• Cryptocurrencies are not regulated financial instruments so they do not have the consumer protections associated with traditional assets. For example, the Financial Services Compensation Scheme does not cover Bitcoin investments.
  • The value of cryptocurrencies is extremely volatile. They are vulnerable to sharp changes in price due to unexpected events or changes in market sentiment. The value of some cryptocurrencies recently fell by more than 30% in a single day.
  • With any ‘get rich quick’ strategy, there are those that will look to take advantage of naïve investors through unscrupulous means. As cryptocurrencies are unregulated, the potential for fraudulent activity is heightened. At the risk of sounding trite, the saying ‘if it sounds too good to be true, it usually is’ might well apply here!

It should also be noted that any investment in Bitcoin leaves you effectively wading into unchartered waters. For this reason, investment in Bitcoin has been likened to gambling, with Andrew Bailey, chief executive of the UK’s Financial Conduct Authority (FCA), recently issuing the following caution: “If you want to invest in bitcoin be prepared to lose your money – that would be my serious warning”.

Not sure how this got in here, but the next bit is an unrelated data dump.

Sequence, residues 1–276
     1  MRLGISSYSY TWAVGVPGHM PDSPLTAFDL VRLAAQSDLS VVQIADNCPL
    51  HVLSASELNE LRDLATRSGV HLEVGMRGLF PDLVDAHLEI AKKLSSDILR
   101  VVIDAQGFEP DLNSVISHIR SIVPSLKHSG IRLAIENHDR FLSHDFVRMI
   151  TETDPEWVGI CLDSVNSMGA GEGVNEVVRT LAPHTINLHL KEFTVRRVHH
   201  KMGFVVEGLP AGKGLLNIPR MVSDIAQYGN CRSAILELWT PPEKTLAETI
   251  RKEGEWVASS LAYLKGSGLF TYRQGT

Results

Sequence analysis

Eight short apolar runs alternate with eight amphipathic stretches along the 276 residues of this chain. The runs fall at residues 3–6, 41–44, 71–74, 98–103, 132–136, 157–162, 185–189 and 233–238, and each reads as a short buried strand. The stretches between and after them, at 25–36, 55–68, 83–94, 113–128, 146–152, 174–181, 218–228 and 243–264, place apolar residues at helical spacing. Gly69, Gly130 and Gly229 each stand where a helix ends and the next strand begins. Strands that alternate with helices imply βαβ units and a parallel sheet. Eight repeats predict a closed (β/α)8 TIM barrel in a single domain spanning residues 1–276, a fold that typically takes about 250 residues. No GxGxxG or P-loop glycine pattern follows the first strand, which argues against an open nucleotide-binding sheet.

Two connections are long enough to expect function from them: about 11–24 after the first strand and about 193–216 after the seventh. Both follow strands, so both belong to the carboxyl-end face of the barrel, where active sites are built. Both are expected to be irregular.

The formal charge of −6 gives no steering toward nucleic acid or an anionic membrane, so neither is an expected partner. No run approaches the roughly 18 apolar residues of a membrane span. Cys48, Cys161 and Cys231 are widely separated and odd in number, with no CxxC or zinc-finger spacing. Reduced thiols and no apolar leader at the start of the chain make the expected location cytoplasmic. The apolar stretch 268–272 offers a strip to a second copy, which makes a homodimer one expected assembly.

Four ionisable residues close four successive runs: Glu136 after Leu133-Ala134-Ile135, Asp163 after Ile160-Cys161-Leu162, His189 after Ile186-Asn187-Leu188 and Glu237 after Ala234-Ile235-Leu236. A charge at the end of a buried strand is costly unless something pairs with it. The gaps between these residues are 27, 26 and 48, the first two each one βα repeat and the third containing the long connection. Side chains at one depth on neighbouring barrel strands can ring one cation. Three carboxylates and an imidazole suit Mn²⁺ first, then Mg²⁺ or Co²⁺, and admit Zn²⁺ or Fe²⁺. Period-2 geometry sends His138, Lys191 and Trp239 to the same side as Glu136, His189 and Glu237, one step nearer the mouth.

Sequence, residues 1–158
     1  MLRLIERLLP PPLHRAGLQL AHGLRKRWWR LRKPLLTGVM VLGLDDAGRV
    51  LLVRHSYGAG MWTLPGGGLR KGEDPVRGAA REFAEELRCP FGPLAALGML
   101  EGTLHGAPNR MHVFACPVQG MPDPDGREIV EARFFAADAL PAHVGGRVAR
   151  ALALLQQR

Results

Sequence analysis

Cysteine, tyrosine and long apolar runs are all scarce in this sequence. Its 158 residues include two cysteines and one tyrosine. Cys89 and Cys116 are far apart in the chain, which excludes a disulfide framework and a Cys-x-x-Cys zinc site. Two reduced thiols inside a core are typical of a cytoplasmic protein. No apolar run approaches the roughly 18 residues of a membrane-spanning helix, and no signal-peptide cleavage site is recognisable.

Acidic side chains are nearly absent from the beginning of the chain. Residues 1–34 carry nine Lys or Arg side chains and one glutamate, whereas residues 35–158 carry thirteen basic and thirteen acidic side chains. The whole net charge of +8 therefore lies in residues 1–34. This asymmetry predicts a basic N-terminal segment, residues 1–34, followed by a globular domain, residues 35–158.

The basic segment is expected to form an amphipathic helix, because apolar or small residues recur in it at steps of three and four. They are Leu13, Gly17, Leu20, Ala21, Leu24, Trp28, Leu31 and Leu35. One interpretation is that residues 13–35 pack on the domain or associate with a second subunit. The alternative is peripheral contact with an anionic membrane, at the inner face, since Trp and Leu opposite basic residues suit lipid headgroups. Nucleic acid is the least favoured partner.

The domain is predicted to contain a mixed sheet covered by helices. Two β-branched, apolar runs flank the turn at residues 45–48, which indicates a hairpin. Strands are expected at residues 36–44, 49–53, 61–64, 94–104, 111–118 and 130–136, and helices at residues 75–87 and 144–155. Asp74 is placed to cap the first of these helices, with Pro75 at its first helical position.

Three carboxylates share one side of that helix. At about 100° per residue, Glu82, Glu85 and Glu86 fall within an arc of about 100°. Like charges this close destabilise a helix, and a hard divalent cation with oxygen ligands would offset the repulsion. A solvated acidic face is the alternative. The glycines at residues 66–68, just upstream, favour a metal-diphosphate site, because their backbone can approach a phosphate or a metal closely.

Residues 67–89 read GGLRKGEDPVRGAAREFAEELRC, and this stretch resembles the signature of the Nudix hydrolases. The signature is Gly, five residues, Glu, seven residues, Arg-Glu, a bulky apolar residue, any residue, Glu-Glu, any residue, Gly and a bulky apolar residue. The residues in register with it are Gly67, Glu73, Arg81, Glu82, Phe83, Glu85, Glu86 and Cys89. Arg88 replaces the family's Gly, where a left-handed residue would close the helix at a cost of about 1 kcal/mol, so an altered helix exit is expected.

Our advice

Predicting the future for Bitcoin or any other cryptocurrency would require a crystal ball. In general, our advice is to think very carefully about Bitcoin, or any other cryptocurrency linked investment strategy, before ploughing in. Past performance is not an indicator of future performance and Bitcoin carries as much risk, and arguably even more, than other forms of investment such as equities or other commodities. If you do choose to gamble on Bitcoin, be sure to follow a tried and tested route. You should consider what you are willing / can afford to lose, and remember that long term sustainable returns are best generated via a balanced portfolio of investments.